The National Garden Bureau (NGB) has selected sweet corn as the vegetable of honor for the year 2000 and has provided a fascinating history of the plant, as well. The origin of maize&emdash;what Americans call corn&emdash;has been traced to Mexico, with the oldest-known remains dated at 7,000 years old. The oldest corn cob found so far was dated from 5000 B.C. and was still enclosed in its husk. Maize remnants have been found in the United States dated more than 700 years old. American Indians grew many different types of maize, and Christopher Columbus is credited with bringing maize back to Spain when he returned there in 1493.

The first recorded sweet corn was collected in 1779 by the Iroquois Indians in what is now Pennsylvania. The variety Papoon, a white kerneled corn, was the first colonial sweet corn to be established in New England. The first known seed source for home gardeners was listed in a Connecticut company’s catalog in 1821 as sugar corn. Early American gardeners usually raised white sweet corn, probably because it was more available. But in 1902, the variety Golden Bantam changed the color choice to yellow. Golden Bantam is still available from many of today’s seed companies. While some changes due to natural selection and mutation may have occurred since its introduction, Golden Bantam is no doubt still very similar to its original form.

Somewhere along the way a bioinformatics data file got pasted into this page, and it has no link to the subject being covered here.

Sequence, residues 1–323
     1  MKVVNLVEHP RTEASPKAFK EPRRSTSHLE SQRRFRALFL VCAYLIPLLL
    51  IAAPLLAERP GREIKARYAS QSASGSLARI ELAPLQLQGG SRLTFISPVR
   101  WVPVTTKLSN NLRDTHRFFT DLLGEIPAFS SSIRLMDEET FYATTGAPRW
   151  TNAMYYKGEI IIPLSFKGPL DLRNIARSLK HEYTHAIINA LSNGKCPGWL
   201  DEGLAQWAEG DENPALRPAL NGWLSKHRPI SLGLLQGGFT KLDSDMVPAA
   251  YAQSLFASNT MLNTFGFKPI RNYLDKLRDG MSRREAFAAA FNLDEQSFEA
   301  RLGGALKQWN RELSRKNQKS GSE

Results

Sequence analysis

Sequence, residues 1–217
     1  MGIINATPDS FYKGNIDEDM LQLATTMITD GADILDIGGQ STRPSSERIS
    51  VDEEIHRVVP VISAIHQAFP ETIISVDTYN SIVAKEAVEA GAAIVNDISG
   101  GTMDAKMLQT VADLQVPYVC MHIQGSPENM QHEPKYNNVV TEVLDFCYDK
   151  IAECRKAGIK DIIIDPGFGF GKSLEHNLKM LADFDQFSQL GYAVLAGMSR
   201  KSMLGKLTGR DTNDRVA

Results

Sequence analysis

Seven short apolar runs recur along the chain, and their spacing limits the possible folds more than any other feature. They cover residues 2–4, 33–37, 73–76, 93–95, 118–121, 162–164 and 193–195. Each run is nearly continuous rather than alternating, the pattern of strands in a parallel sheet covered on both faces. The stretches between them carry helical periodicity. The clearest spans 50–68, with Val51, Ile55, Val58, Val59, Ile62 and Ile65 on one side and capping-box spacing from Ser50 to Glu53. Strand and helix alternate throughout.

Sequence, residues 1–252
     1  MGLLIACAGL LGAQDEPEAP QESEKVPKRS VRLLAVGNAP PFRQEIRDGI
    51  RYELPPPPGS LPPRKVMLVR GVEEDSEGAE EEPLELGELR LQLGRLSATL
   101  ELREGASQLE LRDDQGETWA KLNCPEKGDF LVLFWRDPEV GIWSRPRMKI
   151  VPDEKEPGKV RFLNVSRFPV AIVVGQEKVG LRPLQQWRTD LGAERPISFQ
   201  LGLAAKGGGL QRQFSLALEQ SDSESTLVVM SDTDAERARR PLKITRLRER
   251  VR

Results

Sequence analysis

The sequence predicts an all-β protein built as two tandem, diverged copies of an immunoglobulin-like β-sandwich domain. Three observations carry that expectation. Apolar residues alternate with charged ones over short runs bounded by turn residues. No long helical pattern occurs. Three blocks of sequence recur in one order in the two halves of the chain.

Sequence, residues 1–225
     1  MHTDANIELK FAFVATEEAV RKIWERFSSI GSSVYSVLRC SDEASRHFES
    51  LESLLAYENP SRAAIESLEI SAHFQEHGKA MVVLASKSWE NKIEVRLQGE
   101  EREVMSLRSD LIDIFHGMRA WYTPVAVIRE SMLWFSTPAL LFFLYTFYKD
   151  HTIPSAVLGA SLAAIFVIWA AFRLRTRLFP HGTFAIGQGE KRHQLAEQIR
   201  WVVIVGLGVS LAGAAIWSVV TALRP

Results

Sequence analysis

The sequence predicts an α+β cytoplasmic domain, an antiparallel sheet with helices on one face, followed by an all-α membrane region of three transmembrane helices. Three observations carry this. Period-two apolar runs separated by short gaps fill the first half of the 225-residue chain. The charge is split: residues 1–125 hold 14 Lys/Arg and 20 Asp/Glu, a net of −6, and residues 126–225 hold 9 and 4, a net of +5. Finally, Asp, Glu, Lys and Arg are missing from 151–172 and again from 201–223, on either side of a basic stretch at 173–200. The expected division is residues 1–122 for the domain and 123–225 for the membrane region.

Sweet corn has received more attention from breeders than most other vegetables combined, or so it seems. The genetic knowledge of corn has advanced to a very sophisticated technology. Plant geneticists have been able to locate and single out specific genes on specific chromosomes that control specific plant characteristics. Plant breeders can now manipulate these genes to come up with an end product that has been engineered for certain desired characteristics.

Modern sweet corn cultivars have been bred to have greater sugar content and a slower conversion of that sugar to starch. This not only means sweeter produce, but also the ability to hold that quality longer, whether it is in the supermarket, in your garden or in your refrigerator. Sweet corn generally comes in one of three types. Standard sweet corn, whose sweetness gene is designated (su); supersweet, whose sweetness gene causes shrunken kernels upon drying and is designated (sh2); and sugary enhanced, designated as (se). The (sh2) types must be isolated from all other types of corn to ensure the super sweet quality. Because of their tendency to have shrunken kernels, they are most sensitive to cold soils and planting depth, and, therefore, must generally be planted a little later in the season.

The (se) types are generally more tender, and though they perform best in isolation, it is not as critical. In addition, the (se) types do not require any special handling and can be grown much like standard sweet corn. Other improvements of late include earlier days to harvest and edible ornamental corn, such as the new ‘Indian Summer’ that has yellow, white, red and purple kernels all on the same ear, yet is still sweet and tender. There’s also a solid, bright red sweet corn called ‘Ruby Queen.’

Corn is one of the four most-important agricultural crops produced in the world, so you can expect more great strides in corn breeding in the years to come.

 


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